We examine exciton diffusion in a triplet-sensitized organic photovoltaic cell, where transport occurs via the long-lived triplet state of a fluorescent electron donor. While the triplet state is optically dark, it is populated via sensitization by a guest species capable of intersystem crossing. Here, the host material is metal-free phthalocyanine (H2Pc), and the triplet-sensitizing guest is copper phthalocyanine (CuPc). Optical excitation of H2Pc leads to the generation of singlet excitons which rapidly undergo energy transfer to CuPc. Excitons on CuPc undergo intersystem crossing to the triplet state followed by energy transfer back to the H2Pc triplet state. The exciton diffusion length (LD) is extracted using an internal quantum efficiency ratio methodology that permits accurate device-based measurements of exciton transport even in the presence of geminate recombination losses. The donor layer LD varies with composition with a maximum LD of (13.4 ± 1.6 nm) observed at 20 vol % CuPc, an almost 60% increase over the case of the mobile H2Pc singlet. Despite this increase, further improvements may be possible as the neat-film H2Pc triplet LD is estimated to exceed (20.7 ± 5.0) nm.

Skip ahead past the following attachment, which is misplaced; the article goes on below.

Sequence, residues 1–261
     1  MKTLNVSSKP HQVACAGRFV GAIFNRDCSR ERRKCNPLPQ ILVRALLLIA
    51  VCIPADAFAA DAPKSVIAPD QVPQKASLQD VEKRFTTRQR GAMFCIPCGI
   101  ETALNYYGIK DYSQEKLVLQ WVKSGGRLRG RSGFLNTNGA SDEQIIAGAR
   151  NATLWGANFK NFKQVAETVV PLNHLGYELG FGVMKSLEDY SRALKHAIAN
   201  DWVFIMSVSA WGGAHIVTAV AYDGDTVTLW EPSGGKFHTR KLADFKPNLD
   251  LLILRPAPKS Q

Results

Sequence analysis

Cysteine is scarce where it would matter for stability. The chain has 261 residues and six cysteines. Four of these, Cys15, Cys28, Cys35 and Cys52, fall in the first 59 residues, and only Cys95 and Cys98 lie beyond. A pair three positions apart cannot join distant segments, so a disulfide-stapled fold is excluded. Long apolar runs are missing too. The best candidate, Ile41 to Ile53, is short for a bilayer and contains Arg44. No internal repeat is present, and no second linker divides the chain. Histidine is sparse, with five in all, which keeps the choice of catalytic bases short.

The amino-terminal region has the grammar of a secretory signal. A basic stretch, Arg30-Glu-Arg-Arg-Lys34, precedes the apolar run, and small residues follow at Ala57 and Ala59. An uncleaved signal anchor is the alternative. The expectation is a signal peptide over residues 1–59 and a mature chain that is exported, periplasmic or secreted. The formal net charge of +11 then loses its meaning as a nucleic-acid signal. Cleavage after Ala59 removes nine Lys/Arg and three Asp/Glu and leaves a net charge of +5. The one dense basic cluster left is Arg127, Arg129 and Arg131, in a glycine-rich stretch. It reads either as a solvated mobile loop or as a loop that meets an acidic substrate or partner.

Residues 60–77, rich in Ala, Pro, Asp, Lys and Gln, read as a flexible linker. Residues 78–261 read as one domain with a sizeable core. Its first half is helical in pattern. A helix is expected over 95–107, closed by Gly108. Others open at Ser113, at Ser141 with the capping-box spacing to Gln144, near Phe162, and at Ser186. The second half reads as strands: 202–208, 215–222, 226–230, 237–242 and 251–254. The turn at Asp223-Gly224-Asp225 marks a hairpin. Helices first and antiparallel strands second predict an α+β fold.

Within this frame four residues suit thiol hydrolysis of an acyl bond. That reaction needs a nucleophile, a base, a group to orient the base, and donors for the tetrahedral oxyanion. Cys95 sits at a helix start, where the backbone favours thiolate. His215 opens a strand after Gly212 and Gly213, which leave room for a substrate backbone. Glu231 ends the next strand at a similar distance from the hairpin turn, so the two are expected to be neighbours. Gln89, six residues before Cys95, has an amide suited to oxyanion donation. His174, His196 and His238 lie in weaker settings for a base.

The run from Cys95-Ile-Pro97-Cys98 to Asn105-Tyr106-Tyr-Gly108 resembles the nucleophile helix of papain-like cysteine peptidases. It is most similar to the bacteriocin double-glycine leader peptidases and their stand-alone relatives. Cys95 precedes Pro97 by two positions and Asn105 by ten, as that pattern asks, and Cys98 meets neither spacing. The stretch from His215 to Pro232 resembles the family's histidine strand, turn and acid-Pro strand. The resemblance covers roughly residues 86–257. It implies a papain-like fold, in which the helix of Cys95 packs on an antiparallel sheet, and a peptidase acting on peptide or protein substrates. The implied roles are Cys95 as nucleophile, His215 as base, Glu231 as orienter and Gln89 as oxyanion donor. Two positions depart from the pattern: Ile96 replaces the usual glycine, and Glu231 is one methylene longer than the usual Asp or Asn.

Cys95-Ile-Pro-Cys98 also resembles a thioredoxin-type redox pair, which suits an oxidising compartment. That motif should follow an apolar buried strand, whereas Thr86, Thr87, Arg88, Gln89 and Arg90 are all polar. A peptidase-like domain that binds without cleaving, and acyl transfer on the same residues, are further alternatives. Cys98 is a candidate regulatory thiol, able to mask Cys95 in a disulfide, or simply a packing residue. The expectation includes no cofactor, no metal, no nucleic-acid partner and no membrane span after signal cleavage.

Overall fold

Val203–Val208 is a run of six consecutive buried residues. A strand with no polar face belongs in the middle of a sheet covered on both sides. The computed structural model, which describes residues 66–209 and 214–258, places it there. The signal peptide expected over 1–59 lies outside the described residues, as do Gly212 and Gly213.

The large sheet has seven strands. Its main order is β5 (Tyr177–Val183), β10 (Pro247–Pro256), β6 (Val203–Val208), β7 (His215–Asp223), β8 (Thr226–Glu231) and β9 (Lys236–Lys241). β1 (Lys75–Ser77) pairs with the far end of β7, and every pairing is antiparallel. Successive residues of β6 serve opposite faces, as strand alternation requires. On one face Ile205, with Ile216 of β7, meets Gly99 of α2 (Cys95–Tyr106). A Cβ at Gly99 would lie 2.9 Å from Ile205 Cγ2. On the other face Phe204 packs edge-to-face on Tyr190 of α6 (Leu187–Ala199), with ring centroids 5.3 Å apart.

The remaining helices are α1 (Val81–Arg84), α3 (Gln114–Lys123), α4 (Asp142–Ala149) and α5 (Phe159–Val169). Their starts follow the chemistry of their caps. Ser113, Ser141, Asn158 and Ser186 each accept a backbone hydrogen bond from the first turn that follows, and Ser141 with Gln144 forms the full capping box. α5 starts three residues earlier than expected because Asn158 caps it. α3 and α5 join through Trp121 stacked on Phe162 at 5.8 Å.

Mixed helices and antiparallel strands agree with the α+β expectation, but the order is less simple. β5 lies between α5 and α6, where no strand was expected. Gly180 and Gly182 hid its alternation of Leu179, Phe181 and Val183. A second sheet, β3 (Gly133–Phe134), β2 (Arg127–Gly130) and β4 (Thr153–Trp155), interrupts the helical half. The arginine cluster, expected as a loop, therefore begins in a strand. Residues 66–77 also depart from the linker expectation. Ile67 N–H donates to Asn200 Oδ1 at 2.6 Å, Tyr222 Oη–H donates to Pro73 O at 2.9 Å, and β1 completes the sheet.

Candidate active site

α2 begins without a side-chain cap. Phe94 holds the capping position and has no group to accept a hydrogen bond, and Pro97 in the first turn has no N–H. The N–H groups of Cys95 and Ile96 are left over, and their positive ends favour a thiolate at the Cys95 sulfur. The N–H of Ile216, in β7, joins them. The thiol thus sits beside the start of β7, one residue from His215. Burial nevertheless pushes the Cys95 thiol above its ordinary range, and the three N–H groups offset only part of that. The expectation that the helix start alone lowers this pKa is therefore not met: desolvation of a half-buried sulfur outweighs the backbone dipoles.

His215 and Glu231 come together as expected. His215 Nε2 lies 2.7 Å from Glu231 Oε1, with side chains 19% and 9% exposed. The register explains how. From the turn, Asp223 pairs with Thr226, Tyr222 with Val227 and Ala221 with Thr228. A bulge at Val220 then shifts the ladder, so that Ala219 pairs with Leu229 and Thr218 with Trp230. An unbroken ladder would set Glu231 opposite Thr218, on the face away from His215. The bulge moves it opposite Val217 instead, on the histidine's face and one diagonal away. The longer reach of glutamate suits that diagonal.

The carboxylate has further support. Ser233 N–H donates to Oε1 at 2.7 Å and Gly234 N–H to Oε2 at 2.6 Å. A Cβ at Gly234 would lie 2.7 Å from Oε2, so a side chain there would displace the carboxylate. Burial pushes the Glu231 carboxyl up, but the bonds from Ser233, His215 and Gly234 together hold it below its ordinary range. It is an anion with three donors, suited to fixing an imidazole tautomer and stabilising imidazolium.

Bibliographical noteFunding Information:
This work was supported by the National Science Foundation (NSF) Program in Solid-State and Materials Chemistry DMR-1708177. R.J.H. would like to acknowledge support from a Leverhulme Trust Visiting Professorship at the University of Cambridge and a Visiting Fellowship at Clare Hall, University of Cambridge. The authors thank Dr. D. Wayne Blaylock at the Dow Chemical Company for synthesizing NPD.
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